For three months during the summer of 2021, I had the privilege to work as an intern for the Collections team at The Strong museum. My primary project focused on researching and cataloging action and toy figures ranging from the 1970s to the 2000s. At the start of my internship, I also cataloged a collection consisting of 1940s cast iron lead figures from manufacturers such as Barclay, Auburn Rubber Company, and Manoil Mfg, Company. Highlights included The Happy Farm Series by Manoil Mfg, Company and Dogs’ Band figures by All Nu Products. These figures were my introduction to cataloging, labeling, condition checks, and object research. Being able to catalog this donation was a great introduction to the larger collection of figures and play sets I helped catalog for the rest of my internship.
Over the course of those months, I concentrated on a donation of Star Wars, Star Trek, and other science fiction action figures, playsets and games. The most interesting part of working with this collection was the diversity of the artifacts that ranged from original Kenner Star Wars products from the 1970s and 1980s to more recent figures from Hasbro, Inc. Working with objects from different decades and manufacturers revealed how details and product packaging evolved over the years for different product launches, movie releases, and characters.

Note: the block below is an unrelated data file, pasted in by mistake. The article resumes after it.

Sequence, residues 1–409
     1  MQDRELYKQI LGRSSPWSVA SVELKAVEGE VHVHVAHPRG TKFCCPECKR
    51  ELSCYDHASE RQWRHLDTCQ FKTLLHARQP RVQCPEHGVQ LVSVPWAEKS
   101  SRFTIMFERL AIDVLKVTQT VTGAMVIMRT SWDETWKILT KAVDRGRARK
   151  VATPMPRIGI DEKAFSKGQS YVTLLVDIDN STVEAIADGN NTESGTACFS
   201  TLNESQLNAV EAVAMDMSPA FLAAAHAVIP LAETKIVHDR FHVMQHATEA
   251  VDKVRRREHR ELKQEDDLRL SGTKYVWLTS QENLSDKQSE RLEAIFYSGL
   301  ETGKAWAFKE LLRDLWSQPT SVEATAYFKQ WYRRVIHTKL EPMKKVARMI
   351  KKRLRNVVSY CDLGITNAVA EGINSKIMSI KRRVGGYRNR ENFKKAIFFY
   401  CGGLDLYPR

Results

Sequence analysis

Some of the most noteworthy packaging changes occurred with the Star Trek action figures manufactured by Playmates. The packaging from the 1990s had brightly colored backgrounds with many text bubbles on the cardboard rack card. The 2009 figures came in a much more minimalistic packaging style, mostly black with the only text inscriptions on the packaging being the name and title of the character and the name of the show they were from. Seeing how object packaging changed to fit with the style of the time was a fun experience and something I had never considered before.
During my time at The Strong, I was also able to view how certain materials age. While I had learned about this process during my graduate studies, the pandemic prevented me from touching and seeing the materials. Plastics are subject to degradation by light, heat, moisture, and pollutants. I learned how to identify changes in plastics as some of the Star Wars figures were not in their original packaging. I could feel how some plastics get sticky and develop a sweaty look to them. This is likely caused by a migration of the plasticizers, which produces a sticky film on the surface. With the cast iron figures, I was also able to see how some of the paint had flaked off some objects. This personal, hands-on exposure to objects at various stages of aging was an amazing part of this internship.
Overall, my time at The Strong was an incredible learning experience and I am fortunate that I was able to gain knowledge from such an incredibly dedicated team.
By Mary Del Vecchio, 2021 Summer Intern